Man of Steel, movie  » Movies  »
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  • He solves problem, despite of danger, because danger doesn't apply to him
  • To make Superman interesting, the writers of his stories realized he couldn't just be an all-powerful being
  • He was as smart as his paper-printed persona, as rich, as charismatic, but Nolan put more weight on the traumatic experience that made him what he was

    • by Odysseas Kourafalos
      TRUSTWORTHY

      all reviews
      I’m gonna let you in on a little secret: Superman is lame. There, I said it, and now I’ll probably have to run and hide inside some bunker until the geek rage dies. And it’s strange, because I’m also a geek. A geek that loves comics and computer games, that grew up with superheroes like Superman, Batman and Spider-Man. But, yeah, deep down we all know that Superman is lame. And that’s not just “opinion”, but fact. I’m going to explain the “how’s” and “why’s” and, by doing that, you’ll probably understand that Zack Snyder’s Man of Steel is not a bad movie per se, just one doomed from the very beginning to feel mediocre, due to its very protagonist.

      Superman, you see, first appeared in an era where the notion of “superheroes” was something only thinkers and intellectuals cared about, not the masses, not your “average Joe”. Just after his pulpy birth, in the pages of Action Comics, Superman was seemingly just “a man with super strength”. He would use it to fight off criminals, save innocents from accidents and, yeah, why not, after a while, fight off the Nazis too. But he didn’t rely only on his strength.

      “Strength”, on and by itself, got boring. So what if he could pick up a car? A champion weight-lifter could probably come close. That didn’t look “heroic” enough. So, he also became bulletproof. After a while, he could also shoot lasers from his eyes. Have super-hearing. Super-eyesight. Super-speed. Super-everything. And he could also fly.

      Superman became a true “super man” in every meaning of the world, an unstoppable being that had dedicated its life to the human race and its protection from any kind of evil (…the comic book writers could think of). And that, too, got boring. Fast.

      You see, a being that can’t be defeated, that’s seemignly a semi-mortal equivalent to a God, stops being interested when you realize that, since it’s all-powerful and nearly-unstoppable, the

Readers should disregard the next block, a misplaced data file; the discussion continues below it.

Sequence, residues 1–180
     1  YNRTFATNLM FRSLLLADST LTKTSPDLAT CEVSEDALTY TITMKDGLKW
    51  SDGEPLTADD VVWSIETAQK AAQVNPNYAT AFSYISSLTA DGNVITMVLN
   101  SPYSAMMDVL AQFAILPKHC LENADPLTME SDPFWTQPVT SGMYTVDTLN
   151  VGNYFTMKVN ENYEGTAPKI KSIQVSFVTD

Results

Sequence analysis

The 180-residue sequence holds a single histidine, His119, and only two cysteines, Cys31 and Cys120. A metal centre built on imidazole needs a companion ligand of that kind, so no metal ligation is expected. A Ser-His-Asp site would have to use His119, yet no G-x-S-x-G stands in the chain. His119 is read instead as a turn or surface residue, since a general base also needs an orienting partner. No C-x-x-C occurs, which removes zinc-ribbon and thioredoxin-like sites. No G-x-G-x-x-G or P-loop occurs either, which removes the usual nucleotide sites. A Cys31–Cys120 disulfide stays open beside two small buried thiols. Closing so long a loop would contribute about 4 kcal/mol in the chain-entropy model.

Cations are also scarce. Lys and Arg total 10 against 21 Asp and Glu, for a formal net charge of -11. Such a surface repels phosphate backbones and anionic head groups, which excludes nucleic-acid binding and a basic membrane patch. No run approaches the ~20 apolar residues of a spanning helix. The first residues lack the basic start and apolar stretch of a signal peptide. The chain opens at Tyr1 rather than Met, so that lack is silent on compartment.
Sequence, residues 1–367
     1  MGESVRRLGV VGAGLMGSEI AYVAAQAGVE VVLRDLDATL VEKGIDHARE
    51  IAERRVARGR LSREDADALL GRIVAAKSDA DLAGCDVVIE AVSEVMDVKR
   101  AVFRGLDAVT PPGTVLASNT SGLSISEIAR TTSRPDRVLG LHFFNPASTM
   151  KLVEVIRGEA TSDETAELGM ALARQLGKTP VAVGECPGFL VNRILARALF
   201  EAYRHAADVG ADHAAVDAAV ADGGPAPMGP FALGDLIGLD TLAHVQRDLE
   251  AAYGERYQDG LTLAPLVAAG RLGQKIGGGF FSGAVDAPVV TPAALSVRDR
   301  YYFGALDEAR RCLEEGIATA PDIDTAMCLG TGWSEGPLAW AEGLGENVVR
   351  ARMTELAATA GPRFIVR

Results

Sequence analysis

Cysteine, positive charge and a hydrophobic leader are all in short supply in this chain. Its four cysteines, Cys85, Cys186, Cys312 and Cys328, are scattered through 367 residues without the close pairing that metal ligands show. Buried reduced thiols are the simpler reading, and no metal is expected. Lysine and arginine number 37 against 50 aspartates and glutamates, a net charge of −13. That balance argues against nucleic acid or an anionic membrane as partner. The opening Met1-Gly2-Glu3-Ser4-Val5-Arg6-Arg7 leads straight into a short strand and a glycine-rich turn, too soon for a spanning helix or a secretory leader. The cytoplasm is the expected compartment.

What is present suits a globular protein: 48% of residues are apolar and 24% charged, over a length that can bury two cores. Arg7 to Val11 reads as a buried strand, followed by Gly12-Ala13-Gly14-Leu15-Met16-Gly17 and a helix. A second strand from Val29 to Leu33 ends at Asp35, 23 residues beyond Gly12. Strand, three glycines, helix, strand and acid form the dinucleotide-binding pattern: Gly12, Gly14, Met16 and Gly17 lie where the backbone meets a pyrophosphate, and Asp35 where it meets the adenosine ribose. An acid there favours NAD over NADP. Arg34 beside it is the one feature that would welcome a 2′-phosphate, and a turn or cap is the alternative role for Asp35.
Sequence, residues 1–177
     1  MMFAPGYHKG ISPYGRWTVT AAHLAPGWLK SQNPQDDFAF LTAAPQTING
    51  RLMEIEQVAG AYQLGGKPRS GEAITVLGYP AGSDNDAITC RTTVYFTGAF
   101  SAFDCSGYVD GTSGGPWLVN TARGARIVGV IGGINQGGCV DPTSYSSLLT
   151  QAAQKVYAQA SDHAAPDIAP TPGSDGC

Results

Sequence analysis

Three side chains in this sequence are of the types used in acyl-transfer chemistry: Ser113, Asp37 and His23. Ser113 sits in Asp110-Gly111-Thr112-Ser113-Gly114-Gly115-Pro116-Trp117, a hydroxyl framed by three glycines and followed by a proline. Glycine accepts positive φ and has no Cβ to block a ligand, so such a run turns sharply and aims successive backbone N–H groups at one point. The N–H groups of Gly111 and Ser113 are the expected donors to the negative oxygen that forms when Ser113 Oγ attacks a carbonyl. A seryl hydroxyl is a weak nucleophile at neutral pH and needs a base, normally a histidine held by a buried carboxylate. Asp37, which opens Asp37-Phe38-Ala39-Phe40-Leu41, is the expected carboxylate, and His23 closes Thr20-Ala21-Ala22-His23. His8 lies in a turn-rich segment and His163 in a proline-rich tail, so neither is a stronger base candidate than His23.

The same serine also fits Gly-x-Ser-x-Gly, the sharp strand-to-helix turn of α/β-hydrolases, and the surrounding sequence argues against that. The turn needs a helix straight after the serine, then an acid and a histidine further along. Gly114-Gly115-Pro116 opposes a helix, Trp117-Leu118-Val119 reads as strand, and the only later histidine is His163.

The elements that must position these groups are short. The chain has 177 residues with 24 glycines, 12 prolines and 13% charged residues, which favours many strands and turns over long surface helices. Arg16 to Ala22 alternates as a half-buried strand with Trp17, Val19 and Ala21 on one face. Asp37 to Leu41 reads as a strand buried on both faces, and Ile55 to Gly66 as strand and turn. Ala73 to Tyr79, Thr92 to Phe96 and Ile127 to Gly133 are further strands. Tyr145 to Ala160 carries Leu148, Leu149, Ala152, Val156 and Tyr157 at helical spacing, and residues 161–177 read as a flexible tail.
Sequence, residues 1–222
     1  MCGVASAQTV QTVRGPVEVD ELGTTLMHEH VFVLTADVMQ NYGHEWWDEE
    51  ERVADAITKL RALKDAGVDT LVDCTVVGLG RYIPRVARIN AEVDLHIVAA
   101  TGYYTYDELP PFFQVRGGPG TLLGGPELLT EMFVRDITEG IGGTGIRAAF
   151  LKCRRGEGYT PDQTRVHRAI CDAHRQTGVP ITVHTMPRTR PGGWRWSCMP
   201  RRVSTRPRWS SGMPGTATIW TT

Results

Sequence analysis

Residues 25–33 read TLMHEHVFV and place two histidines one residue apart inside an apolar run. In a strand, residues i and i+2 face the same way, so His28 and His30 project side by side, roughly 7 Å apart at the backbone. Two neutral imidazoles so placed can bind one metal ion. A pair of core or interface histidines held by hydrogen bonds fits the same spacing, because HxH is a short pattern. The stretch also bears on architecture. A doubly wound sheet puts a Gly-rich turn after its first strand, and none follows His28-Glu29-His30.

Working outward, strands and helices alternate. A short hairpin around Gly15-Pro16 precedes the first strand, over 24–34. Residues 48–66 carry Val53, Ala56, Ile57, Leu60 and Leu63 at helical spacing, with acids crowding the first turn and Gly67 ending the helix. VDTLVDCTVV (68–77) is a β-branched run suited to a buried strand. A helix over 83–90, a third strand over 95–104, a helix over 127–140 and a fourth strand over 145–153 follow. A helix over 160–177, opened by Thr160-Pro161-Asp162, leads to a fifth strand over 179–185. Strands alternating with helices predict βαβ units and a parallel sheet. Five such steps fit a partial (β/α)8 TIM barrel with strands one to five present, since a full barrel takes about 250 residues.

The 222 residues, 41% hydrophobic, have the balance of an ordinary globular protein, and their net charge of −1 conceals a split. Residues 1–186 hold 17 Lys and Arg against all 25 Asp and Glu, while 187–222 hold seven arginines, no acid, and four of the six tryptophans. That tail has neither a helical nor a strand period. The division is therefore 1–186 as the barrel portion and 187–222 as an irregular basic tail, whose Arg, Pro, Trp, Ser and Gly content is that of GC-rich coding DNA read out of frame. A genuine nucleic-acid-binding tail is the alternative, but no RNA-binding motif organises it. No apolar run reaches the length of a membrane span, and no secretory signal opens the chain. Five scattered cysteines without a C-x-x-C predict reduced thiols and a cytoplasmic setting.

end of each and every of its stories is the same: it wins. Nothing can stop it. Nothing can kill it. So, why read the same story, again and again, if the end remains the same? Yeah, the bad guys, some dangers, some situations change. The main parts of the stories, though, remain the same: here’s superman. He’s invinsible. A problem appears. He solves problem, despite of danger, because danger doesn’t apply to him. Everyone is happy. The end.

      That’s when Krypton and kryptonite appeared.

      To make Superman interesting, the writers of his stories realized he couldn’t just be an all-powerful being. They’d made the mistake of granting him almost any superpower imaginable and making him seemingly invulnerable. By being perfect and having no traits, he stopped being interesting. How could they fix that mistake? Well…

      If you know Superman’s backstory, you know that most of Supermans powers supposedly came from the differences between our planet and Krypton: Krypton had more gravity, so on Earth, with its way smaller gravity, Superman could fly. Krypton had a thicker atmosphere, so on Earth, where it’s not as thick, Superman had super-breath. And so on.

      That meant, though, that when on Krypton, Superman would seem normal, just like every other of its inhabitants: no super-flying, no super-strength, no nothing. It was good for Superman that Krypton was destroyed and he fell here, a demi-god upon Earth. It was bad for him that pieces of Krypton flew threw space and some beings or people or whatever found them, giving them an advantage over him, for when Superman came to close contact with a piece of his former planet, his powers were almost nullified. Just like if he was there. Yes, it’s silly, but it’s comics we’re talking about, so don’t overthink about it.

      And now, on to the movie itself.

      Coming a little after the last part in Christopher Nolan’s The Dark Knight trilogy, Man of Steel followed the new recipe for superheroes that wants them dark, brooding, filled with problems and sorrow, almost rejects of society. Troubled individuals that just happen to be better than the rest of us in only one thing: beating up criminals.

      Zack Snyder tried to repeat Christopher Nolan’s “Dark Knight Recipe” with his Man of Steel but it didn’t work. And that’s why I mentioned the backstory of the character, who he is, what his powers and traits are: because if you know about him, you understand why this movie simply “doesn’t work”.

      Christopher Nolan’s Bruce Wayne, Batman’s alter ego, wasn’t just “a milionaire who spent his bucks to buy gadgets and expensive cars and suits, playing the superhero” - like his comic equivalent. He was as smart as his paper-printed persona, as rich, as charismatic, but Nolan put more weight on the traumatic experience that made him what he was: the loss of his parents.